Competition to stake a claim on a great brand name is fierce, and companies have always mined language for brand names that trigger the best associative meaning. It’s a tried-and-true part of the branding process. Take the holding company Alphabet Inc, for example: it’s the first result that comes up when you search ‘alphabet’ online. It concerns me that this is first on the list: can SEO really redefine a word that’s been in use for centuries?
It’s increasingly challenging to find the right name for a brand: one that not only works, but that’s also legally available. The flood of the double ‘o’ words offers something of an insight into those challenges: we have Google, Zoom, Goop, Zoosk, Xoom, Moo, Noom, Yahoo, and hundreds of similar variations. According to a 2020 New York Times piece, at the time of publication there were 575 live trademarks that included ‘zoom’ or ‘xoom’, leading the writer to ask, “why does every startup sound fast now?”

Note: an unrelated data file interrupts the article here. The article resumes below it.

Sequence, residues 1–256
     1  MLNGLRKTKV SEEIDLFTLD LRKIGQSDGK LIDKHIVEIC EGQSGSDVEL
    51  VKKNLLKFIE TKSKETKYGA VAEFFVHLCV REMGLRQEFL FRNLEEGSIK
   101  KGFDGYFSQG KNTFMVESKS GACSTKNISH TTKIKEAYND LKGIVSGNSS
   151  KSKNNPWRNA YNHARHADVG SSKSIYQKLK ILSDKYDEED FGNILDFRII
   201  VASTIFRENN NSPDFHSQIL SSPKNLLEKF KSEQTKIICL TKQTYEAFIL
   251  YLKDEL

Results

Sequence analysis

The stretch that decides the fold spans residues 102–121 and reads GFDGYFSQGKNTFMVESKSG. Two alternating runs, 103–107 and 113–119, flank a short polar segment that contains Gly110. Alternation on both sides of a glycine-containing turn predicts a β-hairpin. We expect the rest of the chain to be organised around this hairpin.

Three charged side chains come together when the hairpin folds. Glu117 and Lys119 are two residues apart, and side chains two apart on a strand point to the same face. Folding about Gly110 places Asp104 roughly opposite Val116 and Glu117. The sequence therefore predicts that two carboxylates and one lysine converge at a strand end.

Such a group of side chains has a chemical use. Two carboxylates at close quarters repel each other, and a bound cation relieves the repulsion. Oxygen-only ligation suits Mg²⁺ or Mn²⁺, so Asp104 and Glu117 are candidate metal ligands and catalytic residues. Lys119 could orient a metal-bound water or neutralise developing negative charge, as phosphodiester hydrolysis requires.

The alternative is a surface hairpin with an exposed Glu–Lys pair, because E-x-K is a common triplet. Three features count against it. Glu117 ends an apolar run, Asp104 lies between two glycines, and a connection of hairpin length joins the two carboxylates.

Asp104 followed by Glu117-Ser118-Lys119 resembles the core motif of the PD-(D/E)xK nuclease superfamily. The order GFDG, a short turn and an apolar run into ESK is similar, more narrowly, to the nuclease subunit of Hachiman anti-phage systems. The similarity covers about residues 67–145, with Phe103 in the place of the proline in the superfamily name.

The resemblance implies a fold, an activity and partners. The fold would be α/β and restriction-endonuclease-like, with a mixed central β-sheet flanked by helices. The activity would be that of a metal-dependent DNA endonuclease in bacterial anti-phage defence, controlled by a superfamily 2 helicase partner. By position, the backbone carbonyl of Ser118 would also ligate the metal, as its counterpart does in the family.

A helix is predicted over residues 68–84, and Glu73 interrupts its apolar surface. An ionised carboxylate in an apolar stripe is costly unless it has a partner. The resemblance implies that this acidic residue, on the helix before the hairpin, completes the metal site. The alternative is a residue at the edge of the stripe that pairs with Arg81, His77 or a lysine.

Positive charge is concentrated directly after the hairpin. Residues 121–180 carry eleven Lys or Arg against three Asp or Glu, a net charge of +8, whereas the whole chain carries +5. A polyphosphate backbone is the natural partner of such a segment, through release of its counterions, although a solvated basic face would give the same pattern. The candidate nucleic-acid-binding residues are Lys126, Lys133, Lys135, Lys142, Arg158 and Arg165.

Some letters of the alphabet are visually and aurally attractive to naming experts. Q, Z, K, O and X, for example, add distinction to the sound of the name and design of a logo. To factor in the number of syllables also requires careful study, given that most brands can reach a global customer base that speaks over 7,000 languages.
It’s increasingly challenging to find the right name for a brand: one that not only works, but that’s also legally available